Wednesday, September 11, 2013

Open gantry update

We have been working for some time to get approval from Google to release the files for the completed open gantry. It looks like that should be done soon, and that we will be able to release open gantry to the world. Here are some updated photos. The CNC is completely operational and cutting wood and cardboard. This is out 1:4 scale model. The total cost of this version came in at roughly $350. We have done the research and it looks like the full scale 9ft X 5ft version will cost $450 excluding the cost of router bits. The next steps for us is to organize the source files, create a bill of materials, write detailed assembly instructions, and get the word out.

We would love to work with some Alpha testers. We will provide detailed instructions and guidance for cutting and assembling the CNC. Anything and everything we can do to help we will. If you want a large CNC for ~$350-450 this is a great option.

Sunday, June 9, 2013

Open Gantry: Open Source CNC designed specifically for producing wikihouses Part 1

Open Gantry:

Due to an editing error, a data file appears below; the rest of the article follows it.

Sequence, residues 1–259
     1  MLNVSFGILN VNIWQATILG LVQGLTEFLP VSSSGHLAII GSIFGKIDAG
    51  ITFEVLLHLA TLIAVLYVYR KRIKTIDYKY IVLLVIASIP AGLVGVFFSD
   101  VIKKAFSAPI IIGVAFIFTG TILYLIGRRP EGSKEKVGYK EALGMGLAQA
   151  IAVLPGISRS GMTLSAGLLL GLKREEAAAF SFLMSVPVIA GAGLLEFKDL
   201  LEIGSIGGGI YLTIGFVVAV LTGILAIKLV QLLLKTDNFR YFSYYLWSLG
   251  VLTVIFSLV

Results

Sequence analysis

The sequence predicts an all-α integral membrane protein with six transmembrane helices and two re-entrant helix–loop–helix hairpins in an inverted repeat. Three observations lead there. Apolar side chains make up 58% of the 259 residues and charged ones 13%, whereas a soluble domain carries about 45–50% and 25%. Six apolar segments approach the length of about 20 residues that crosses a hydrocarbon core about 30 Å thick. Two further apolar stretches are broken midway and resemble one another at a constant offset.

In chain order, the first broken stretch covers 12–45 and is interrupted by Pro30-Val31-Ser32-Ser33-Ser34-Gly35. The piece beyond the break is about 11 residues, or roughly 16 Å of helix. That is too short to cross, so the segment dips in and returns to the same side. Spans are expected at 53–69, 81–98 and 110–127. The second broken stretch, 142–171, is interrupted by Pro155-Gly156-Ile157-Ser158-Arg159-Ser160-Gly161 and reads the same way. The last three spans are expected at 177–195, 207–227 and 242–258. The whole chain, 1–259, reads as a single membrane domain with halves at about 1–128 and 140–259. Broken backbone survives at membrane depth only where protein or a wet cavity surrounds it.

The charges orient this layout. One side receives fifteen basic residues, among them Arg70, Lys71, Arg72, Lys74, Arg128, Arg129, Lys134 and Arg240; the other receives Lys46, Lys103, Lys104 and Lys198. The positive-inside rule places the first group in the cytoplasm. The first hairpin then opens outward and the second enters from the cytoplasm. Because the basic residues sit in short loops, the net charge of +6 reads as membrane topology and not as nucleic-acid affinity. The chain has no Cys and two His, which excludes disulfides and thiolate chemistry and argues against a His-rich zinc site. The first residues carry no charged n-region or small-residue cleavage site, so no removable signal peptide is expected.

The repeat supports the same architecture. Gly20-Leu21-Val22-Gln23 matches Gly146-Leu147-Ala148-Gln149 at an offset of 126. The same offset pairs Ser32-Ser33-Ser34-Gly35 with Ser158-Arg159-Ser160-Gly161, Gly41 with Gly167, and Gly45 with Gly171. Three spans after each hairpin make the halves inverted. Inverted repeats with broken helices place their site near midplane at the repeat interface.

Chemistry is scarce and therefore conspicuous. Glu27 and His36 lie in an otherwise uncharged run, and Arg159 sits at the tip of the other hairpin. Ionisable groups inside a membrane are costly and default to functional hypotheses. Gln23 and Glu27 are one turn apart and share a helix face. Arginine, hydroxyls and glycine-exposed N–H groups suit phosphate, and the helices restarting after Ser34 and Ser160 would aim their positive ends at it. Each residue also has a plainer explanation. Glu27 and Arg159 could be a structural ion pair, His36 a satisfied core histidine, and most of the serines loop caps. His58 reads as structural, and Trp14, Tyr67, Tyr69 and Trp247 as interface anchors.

Ken Sherrif, Alistair Milne, Tim Hatch, and I have been working on an open source, self replicating cnc designed for producing wikihouses as a 20% project. Our goal is to produce a full size version that a user can feed in sheets of plywood, that will spit out ikea style flat pack houses that slot together and do not require construction experience or power tools to build. We are shooting for building these as kits an order of magnitude cheaper than  the lowest cost competing cnc. is a very cool idea, but it occurred to us, that no one has a CNC with an 8X4 ft cut envelope. Upon researching the cost, the cheapest option out there is the blackfoot at $3200 for a kit. We have done our research, and although the prototypes will cost closer to 400-500, we think that if we build lots of kits, we can get cost down to $300-400. We are sacrificing precision, and lifespan in order to get the cost down to this level. It is designed to be shipped as a kit to a disaster zone along with a couple pallets of plywood, and operate for a few months. If daily operation/precision was ones goal it would be wise for that person to use a higher quality router, and use some screws.